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Staff engagement survey helps districts measure school climate

When Monroe School District Superintendent Cory Hirsbrunner was looking for a way to gather feedback from his staff about the District’s initiatives and culture, he turned to School Perceptions. The Wisconsin-based company was a known entity in the District, as they were already working together on a community survey. “We are committed to ensuring that all District employees have the opportunity to provide feedback and input,” Hirsbrunner shared. “We appreciate how the staff as a District are doing and the challenges they are experiencing that need to be addressed.”

The web-based School Staff Engagement Survey is designed to collect feedback on staff members’ feelings and perceptions about specific engagement drivers. “We know that there is a strong correlation between staff engagement and student engagement,” shares Bill Foster, founder and president of School Perceptions. “When students are engaged, performance increases.”

An engaged employee is one who is fully engaged and enthusiastic about his or her work and takes positive steps to further the reputation and success of his or her school. But are the workers happy? According to a 2014 report by the Conference Board, the New York-based nonprofit research group, 52.3% are unhappy at work. Are the teachers better? No. According to a MetLife survey published in 2013, teacher job satisfaction had plummeted to its lowest level in 25 years, from 62% in 2008 to 39% in 2012, a total of 23 points.

Research shows that employee engagement is a result of employees feeling connected and valued, as well as reporting a strong sense of balance in their lives. As a result, engaged employees are producers. They work hard, stay late and give their best day in and day out. When teachers are engaged, children learn.

The School Perceptions Staff Engagement Survey collects data on 12 employee engagement indices, including control over work environment, health and wellness, workload, assertiveness, collaboration and teamwork, confidence in building leadership, culture of educational excellence, tools and training, public and parent support. , confidence in District leadership, communications, and the planning and improvement process.

Score reports allow a district to break down index results by various employee groups, as well as compare itself to similar schools across the state. “Our goal is to create easy-to-use data that districts can use right away,” says Foster.

For Lancaster Community Schools, that data identified a need to change a school calendar policy and adjust staffing. Additionally, they were able to see how the staff felt about the District’s compensation structure. “We were pleased to learn that despite the negative climate for public employees over the past several years, our staff felt that the school board and the District had done everything possible to maintain a compensation structure that was fair to both staff and employees. taxpayers,” he shared. Board Chairman Bill Haskins.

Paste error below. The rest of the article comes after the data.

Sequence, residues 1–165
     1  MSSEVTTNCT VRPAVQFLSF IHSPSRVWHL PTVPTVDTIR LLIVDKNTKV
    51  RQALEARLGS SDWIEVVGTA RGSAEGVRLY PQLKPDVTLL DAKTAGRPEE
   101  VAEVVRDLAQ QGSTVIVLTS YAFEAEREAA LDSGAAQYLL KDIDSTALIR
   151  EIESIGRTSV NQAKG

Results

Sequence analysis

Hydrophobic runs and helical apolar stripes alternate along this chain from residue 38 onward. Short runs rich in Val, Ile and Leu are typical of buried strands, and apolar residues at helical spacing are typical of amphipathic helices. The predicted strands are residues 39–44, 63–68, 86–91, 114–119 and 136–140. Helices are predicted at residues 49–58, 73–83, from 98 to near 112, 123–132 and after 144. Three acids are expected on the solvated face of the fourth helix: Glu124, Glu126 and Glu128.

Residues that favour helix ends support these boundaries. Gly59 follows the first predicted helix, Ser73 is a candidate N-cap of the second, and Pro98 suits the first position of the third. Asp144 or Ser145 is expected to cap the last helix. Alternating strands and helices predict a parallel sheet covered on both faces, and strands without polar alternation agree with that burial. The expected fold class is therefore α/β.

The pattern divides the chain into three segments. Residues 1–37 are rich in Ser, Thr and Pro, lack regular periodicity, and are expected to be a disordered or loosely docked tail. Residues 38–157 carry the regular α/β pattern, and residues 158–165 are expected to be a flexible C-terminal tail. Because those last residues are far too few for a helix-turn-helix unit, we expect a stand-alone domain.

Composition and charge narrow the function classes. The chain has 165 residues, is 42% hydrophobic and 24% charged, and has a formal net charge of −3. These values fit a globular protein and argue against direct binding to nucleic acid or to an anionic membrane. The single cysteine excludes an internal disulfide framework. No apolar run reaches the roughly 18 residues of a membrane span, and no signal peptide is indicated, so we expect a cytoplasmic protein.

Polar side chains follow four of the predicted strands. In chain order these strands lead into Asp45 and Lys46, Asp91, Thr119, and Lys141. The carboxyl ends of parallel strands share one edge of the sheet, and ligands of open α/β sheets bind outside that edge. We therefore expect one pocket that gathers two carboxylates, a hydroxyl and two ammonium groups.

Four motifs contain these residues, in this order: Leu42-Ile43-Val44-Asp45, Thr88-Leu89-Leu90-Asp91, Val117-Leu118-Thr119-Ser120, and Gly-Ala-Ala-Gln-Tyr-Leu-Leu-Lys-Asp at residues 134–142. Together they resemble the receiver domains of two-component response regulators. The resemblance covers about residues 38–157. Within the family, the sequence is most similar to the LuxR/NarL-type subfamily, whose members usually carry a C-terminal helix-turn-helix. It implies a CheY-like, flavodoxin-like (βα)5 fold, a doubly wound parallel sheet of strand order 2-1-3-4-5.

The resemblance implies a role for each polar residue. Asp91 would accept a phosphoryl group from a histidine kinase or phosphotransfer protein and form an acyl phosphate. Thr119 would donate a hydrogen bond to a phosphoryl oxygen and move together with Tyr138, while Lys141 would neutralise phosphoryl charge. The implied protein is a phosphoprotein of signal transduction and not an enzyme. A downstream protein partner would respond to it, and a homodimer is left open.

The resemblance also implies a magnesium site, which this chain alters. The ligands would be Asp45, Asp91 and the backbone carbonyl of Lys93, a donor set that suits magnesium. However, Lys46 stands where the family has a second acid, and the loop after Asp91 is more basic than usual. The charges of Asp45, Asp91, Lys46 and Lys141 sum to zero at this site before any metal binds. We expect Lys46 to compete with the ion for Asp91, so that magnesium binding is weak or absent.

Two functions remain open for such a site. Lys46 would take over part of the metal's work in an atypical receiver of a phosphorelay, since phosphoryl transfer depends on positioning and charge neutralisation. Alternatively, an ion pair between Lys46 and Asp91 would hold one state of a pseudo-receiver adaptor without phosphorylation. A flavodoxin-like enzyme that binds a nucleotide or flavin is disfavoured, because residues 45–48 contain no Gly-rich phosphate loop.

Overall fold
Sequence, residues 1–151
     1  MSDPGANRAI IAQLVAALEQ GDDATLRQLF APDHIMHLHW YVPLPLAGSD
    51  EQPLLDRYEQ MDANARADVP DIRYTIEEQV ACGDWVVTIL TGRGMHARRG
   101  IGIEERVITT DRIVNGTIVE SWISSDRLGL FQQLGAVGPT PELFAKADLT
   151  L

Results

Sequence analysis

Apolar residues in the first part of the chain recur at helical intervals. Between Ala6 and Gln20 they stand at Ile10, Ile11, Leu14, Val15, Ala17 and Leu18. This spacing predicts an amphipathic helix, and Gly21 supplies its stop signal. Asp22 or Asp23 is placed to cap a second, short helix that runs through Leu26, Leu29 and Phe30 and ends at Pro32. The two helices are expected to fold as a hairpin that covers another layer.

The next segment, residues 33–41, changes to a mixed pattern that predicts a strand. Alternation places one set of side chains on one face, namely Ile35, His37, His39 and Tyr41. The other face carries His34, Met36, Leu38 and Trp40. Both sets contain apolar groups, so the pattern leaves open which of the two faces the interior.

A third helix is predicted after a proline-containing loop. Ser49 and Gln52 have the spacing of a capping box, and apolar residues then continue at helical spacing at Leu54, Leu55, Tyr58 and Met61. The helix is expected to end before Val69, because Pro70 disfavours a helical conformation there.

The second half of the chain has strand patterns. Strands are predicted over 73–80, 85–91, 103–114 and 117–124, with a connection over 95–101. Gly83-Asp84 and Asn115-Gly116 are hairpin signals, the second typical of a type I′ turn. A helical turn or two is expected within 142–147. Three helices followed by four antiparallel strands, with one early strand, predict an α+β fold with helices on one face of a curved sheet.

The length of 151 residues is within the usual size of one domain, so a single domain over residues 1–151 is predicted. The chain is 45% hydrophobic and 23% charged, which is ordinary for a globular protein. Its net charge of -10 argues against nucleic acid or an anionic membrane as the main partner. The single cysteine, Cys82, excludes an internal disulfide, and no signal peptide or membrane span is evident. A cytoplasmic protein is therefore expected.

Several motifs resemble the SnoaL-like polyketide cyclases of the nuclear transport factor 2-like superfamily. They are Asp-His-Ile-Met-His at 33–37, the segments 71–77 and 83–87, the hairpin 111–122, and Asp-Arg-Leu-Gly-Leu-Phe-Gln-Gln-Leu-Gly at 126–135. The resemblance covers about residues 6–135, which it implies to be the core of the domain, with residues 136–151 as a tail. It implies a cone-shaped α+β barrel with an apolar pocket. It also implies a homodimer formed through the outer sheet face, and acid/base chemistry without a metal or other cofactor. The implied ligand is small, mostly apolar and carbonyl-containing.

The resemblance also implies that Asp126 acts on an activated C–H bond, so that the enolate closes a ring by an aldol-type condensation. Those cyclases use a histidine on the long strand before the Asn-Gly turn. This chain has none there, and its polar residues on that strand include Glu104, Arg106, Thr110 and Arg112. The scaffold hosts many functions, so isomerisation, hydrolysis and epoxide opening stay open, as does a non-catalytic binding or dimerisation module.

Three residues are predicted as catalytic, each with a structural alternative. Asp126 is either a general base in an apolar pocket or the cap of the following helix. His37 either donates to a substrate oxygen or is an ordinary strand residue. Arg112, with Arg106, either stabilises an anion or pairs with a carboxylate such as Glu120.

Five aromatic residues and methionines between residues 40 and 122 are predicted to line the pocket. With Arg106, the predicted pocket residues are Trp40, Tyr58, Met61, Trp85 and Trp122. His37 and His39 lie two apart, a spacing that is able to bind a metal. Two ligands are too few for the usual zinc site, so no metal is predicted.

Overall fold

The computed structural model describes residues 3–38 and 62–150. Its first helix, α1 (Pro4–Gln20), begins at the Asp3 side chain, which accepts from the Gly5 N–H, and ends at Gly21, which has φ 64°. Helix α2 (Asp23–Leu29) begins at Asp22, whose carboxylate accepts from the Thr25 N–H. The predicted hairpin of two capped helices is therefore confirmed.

In the Monroe School District, the District’s administrative team used the data to plan for the upcoming school year. “It was extremely valuable to now have the numbers and documentation to support what may have been assumptions in some areas,” Hirsbrunner explained. “The reports were extremely helpful and easy to read. The color coded reports gave a clear indication of what needs attention and where we are doing well.”

The survey takes an employee 10-15 minutes to complete. School Perceptions software tracks survey completion and sends reminders to employees who have not yet taken the survey. As a result, the Districts experience high participation rates, often close to 85% of all employees. “If you’re going to have usable and beneficial data, it’s important to ensure a high response rate and our software does that,” shared Foster.

Once closed, a school district can receive similar school analytics reports and indexes within a week.

Additionally, School Perceptions can provide districts with feedback analysis. Lancaster Community Schools board members were affirmed by the comments they read. “We were pleased to learn how many respondents expressed the District’s strengths and commitment not only to our students, but to the District as a whole,” said Haskins.

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